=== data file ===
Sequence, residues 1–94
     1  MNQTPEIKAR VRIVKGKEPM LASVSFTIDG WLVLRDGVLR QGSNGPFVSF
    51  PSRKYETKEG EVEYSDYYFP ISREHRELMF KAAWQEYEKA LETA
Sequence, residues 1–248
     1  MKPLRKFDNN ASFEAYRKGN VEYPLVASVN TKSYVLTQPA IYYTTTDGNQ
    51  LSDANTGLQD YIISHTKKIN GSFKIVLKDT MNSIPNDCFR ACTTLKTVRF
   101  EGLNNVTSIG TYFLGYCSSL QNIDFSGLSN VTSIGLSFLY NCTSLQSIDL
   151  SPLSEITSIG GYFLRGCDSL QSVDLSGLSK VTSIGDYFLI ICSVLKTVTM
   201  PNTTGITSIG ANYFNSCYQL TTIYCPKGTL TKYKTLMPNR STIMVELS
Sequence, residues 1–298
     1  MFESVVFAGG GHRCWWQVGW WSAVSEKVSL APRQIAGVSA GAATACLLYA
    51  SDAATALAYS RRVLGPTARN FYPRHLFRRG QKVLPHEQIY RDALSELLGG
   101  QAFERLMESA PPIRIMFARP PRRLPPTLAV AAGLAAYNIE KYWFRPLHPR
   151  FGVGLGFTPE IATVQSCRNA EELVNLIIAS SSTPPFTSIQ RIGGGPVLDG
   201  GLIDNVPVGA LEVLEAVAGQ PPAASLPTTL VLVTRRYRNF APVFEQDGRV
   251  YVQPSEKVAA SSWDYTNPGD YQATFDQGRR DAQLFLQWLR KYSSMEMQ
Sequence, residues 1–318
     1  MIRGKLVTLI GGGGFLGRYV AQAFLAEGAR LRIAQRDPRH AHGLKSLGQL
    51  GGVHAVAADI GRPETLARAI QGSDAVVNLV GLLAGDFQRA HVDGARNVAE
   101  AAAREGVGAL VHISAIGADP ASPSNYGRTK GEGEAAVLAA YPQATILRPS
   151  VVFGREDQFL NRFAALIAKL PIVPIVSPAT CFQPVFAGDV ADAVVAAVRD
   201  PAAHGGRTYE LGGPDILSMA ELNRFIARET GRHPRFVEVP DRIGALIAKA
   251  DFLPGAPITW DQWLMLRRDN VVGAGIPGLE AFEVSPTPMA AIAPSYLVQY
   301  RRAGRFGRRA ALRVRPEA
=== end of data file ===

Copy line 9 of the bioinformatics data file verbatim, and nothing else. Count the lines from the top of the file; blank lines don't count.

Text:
   201  PNTTGITSIG ANYFNSCYQL TTIYCPKGTL TKYKTLMPNR STIMVELS